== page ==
WHO group championed the unconventional as well
I am writing in my personal capacity to correct several misunderstandings in the article published 19 January (see Harsh criticism for WHO's drug access ideas).
The Report of the WHO Expert Working Group on Innovative R&D Financing supports ten mechanisms to allocate funds to R&D for neglected diseases, dividing these into five recommended approaches for which there was more evidence (section 5.4); and five promising proposals, which had less evidence for broad efficacy but which "contained innovative elements that were so promising that we considered the proposals should be examined further with a view to their amendment if possible and review for implementation or integration of their high-performing elements into other proposals" (section 5.6).
In addition, the report recommends several fundraising approaches and two efficiency proposals.
Half of this shortlist of ten recommended and promising mechanisms are novel approaches including two types of prizes (both in the recommended approaches), as well as patent pools, open source drug development and the Health Impact Fund (all in promising approaches).
This is unsurprising given the rigour and fairness of the review process, which collected thousands of pages of documentation on proposals in circulation and subjected each to the same multi-disciplinary review against the same criteria.
I would also take task with the statement attributed to critics that, "criteria adopted for assessing proposals meant the solutions would inevitably be conventional". The criteria were developed through a public consultation which led to the proposal of many new criteria (which were included) and a greater emphasis on developing country IP and access.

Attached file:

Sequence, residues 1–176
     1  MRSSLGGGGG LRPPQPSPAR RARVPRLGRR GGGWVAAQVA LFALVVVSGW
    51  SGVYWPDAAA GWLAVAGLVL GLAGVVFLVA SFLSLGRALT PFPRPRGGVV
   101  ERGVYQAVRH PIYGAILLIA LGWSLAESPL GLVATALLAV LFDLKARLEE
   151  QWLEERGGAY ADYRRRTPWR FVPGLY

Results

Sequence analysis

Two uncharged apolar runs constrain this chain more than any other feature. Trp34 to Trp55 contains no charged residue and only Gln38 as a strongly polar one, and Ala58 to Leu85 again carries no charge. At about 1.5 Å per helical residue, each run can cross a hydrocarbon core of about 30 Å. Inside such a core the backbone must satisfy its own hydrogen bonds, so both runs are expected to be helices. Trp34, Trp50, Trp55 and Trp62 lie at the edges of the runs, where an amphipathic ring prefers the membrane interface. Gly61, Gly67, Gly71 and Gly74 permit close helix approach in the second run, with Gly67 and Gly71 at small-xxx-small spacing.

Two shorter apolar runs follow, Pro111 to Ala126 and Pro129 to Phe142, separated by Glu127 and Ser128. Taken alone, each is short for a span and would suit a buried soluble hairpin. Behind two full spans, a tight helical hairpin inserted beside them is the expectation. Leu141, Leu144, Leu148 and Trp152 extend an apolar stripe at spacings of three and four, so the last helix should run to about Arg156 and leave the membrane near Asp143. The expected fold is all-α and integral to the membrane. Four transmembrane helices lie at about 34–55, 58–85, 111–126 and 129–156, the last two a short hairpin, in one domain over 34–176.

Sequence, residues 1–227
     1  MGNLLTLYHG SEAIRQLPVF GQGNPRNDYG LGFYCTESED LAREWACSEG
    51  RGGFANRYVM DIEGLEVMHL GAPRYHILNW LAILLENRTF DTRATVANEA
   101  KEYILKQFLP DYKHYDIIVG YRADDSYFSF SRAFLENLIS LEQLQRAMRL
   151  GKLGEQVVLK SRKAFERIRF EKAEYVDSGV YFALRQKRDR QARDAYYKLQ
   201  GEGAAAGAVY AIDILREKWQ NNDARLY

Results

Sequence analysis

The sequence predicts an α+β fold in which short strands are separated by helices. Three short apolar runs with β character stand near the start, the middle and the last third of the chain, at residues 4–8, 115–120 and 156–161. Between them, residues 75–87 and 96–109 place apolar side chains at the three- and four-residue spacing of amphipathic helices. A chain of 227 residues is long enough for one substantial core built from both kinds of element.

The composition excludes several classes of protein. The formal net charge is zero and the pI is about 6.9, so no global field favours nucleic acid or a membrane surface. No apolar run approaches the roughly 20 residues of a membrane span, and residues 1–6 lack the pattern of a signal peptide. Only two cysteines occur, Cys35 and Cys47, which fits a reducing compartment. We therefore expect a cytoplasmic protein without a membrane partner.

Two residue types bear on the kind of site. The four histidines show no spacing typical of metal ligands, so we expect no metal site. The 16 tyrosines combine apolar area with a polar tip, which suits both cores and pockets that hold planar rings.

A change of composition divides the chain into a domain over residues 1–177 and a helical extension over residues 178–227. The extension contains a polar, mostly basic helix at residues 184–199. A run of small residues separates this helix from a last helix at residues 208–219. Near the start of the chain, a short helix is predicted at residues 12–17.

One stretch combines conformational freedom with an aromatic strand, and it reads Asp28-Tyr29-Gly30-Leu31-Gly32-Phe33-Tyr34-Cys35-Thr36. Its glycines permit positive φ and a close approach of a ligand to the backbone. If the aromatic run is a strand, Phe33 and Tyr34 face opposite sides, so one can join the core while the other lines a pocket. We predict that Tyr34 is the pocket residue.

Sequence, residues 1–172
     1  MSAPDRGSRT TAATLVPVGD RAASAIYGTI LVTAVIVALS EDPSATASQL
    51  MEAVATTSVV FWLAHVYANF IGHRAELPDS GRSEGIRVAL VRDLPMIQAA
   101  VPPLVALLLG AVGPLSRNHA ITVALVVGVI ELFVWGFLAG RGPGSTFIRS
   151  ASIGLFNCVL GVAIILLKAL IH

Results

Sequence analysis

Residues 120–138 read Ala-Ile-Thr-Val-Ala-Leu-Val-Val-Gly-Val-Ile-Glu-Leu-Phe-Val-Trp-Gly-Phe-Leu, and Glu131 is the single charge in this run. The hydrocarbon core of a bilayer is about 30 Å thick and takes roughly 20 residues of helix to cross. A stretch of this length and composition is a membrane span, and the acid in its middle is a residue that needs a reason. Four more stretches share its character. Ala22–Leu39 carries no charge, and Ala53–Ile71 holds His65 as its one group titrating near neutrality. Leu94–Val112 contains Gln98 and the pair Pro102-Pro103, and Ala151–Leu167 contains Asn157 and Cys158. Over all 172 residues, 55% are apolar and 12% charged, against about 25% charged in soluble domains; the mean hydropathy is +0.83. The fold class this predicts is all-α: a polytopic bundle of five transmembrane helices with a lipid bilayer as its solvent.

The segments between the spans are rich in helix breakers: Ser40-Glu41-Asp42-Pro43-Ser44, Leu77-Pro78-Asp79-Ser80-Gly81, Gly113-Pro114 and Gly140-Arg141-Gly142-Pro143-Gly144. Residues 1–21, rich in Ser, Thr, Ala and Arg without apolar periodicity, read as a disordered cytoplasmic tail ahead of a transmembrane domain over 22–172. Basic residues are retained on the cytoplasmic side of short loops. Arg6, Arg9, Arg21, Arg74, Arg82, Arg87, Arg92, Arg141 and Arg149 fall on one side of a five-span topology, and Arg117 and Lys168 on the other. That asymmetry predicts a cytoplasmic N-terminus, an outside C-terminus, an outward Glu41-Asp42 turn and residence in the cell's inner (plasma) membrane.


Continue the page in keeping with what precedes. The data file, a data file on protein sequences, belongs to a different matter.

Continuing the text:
As a result, developing country impact criteria were expanded and given a significantly higher weighting in the final evaluation than other criteria such as financial aspects. Readers may wish to compare the original list of 17 criteria on the WHO website with the final list in the report appendix (around 100 criteria divided into three categories), which accurately reflect the input from the public consultation.
The comment from MSF that, "if a proposal that is liked by industry then it gets higher points but if it something that needs any kind of legal changes it gets fewer points," is also wrong.
Several proposals favoured by industry were singled out as lowest-performing approaches, including industry tax breaks and patent extensions on industry products. The requirement for legal change made up only two of the around 100 criteria used; and was rightly included, as no sensible analysis could fail to take into account whether a proposal is compatible with existing systems and easy to implement or requires a new international architecture that may take years to implement.
It is disappointing to see articles and blogs based not on the correct information in the final Report but on obsolete leaked documents (the leaked documents were an early analysis that was later dropped in favour of a group-analysis methodology) and on a necessarily brief Executive Summary.
If readers look at the full report, they will see that much of the current criticism is simply wrong, and that the proposed balance of novel and existing approaches would double or triple funding available to public, private, developing country and Western groups who play a role in conducting badly needed R&D for diseases of the developing world.
I urge readers to read the actual report, and to make up their own minds based on the facts.